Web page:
Unless you’ve spent the past week on Jeff Bezos’s space capsule, you’ve probably at least heard about ProPublica’s bombshell tax exposé. The report, based on a trove of anonymously leaked tax records, shows the scandalously low tax rate America’s ultrarich pay, entirely legally, to the federal government when their declared income is put next to their actual wealth.
The report and its follow-ups have already shaken the political world. Figures ranging from reliable names like Bernie Sanders and Elizabeth Warren to banker-senator Pat Toomey and former hedgefund enthusiast Jim Cramer have reacted with outrage, breathing new life into calls to tax extreme wealth, calls that were largely sidelined with the end of Bernie Sanders’s presidential campaign.
It’s unclear whether this will translate into anything concrete. Democrats’ plans to beef up tax enforcement face an uncertain fate, while Joe Biden is focused solely on taxing the wealth of those who have died, otherwise proposing modest raises in US tax rates that are, in reality, a hefty corporate tax cut vis-à-vis the Barack Obama years, this time with bipartisan legitimacy. And even those meager tax hikes would be taken off the table by the unnecessary bipartisan infrastructure deal Biden has spent weeks pursuing.
Still, the report has sparked a renewed conversation across the United States about extreme wealth and how to rein it in. Depending on what happens in the next few weeks, we could well look back on it as having helped shift political momentum in that direction. It’s a testament to the continued power and worth of a free, muckraking press, when it’s truly aimed at applying scrutiny to the powerful.
But if Biden and officials from his party have their way, ignored or even cheered on by well-meaning but misguided left-of-center voters, the shady practices of the ultrarich will be shielded from scrutiny and journalism like this will be silenced.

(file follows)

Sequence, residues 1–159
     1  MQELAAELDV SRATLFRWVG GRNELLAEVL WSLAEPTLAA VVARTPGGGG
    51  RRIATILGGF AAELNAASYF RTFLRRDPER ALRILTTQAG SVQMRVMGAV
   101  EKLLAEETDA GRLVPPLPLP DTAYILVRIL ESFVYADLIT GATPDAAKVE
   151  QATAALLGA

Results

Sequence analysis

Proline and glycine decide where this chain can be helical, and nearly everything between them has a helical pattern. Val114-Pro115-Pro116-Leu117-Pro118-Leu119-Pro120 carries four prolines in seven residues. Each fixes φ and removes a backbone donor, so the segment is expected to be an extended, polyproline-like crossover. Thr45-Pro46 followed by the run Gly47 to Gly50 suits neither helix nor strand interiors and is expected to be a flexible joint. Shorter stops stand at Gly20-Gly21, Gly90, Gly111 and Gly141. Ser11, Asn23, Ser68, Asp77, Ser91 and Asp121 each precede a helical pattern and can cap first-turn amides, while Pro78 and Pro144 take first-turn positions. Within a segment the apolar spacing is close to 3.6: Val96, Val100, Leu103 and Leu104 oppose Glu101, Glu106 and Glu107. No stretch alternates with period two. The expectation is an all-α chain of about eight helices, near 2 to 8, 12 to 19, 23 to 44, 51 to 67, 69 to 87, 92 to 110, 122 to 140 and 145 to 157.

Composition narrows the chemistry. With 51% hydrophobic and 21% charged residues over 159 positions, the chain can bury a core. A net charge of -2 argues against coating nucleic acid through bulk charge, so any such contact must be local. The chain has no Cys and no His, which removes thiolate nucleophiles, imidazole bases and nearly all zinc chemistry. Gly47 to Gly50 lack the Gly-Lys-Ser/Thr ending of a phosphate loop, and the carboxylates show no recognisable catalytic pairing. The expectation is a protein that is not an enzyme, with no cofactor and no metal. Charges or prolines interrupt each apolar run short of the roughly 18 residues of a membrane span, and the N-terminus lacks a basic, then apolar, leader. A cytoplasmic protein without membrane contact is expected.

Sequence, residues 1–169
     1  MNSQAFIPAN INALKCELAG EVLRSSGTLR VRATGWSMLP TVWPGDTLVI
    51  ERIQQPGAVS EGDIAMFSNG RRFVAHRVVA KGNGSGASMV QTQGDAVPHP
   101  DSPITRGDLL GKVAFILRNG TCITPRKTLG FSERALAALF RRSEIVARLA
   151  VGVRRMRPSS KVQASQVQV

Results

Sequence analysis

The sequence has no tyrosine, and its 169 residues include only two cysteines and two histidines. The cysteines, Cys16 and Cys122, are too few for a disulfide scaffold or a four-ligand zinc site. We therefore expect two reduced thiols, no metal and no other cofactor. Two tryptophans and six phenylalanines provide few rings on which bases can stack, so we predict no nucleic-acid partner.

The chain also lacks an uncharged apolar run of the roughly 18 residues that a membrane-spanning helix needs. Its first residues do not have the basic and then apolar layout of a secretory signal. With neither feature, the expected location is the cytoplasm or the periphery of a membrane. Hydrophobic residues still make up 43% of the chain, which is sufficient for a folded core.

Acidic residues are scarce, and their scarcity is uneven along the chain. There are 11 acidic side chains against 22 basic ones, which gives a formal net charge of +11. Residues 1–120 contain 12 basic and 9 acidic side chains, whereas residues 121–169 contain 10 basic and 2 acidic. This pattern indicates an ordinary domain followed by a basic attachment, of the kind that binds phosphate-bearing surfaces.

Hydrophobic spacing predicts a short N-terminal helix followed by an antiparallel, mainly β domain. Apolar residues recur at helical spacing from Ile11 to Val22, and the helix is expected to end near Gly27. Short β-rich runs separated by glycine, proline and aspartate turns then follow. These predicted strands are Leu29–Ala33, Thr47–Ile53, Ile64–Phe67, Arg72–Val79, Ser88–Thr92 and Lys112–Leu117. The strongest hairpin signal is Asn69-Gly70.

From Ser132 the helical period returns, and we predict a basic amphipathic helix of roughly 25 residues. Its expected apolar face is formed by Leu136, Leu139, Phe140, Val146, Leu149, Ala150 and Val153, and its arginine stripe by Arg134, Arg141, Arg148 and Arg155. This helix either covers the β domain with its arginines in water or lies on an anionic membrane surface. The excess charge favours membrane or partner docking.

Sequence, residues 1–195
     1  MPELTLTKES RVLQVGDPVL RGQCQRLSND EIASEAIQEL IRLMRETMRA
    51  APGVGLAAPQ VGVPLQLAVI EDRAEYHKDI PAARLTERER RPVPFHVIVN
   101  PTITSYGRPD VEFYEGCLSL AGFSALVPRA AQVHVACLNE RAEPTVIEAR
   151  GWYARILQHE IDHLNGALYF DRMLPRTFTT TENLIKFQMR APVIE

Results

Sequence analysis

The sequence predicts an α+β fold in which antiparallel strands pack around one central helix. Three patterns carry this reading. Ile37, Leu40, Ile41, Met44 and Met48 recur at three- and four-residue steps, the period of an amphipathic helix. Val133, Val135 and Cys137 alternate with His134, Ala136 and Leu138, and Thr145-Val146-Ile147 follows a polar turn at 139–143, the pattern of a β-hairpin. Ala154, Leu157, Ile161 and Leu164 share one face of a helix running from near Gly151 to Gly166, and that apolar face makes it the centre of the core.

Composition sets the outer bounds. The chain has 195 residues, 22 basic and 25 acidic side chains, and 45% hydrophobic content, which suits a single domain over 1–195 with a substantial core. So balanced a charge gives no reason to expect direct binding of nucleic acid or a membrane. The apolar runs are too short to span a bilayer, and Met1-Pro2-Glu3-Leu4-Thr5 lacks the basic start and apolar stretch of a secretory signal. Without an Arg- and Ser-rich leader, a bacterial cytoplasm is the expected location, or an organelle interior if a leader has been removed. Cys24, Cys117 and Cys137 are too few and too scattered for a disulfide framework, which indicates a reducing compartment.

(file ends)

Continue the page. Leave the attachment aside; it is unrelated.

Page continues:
The Never-Ending War on Whistleblowers
The administration’s response to the ProPublica exposé was not, as one might imagine, to seize on the revelations to end this scandalous tax avoidance. Rather, it was to move swiftly to find the culprit who carried out this public service and put them in prison, thereby sending a message to any future whistleblowers.
A Treasury spokesperson swiftly announced the leak was being investigated, with Biden’s press secretary telling reporters that “we take this very seriously.” So did the commissioner of the IRS, an agency that has admitted it mostly audits the poor because targeting the rich and powerful is too hard and expensive, letting nearly 900,000 high-income earners get away with not filing a return over 2014–16.
“We will find out about the Pro Publica article,” the IRS commissioner assured the Senate finance committee on June 8, later confirming the culprit would be prosecuted.
They were joined by attorney general Merrick Garland, who told a Senate subcommittee the next day that he would put the matter “at the top of my list.” The issue was raised by Sen. Susan Collins (R-ME), who pointed to Richard Nixon and Watergate and the “incredible danger to private citizens and the credibility of the federal government if information is used for political or other purposes.”
“I very well remember what President Nixon did in the Watergate period, the creation of enemies list and the punishment of people who were doing their tax returns,” Garland assured her.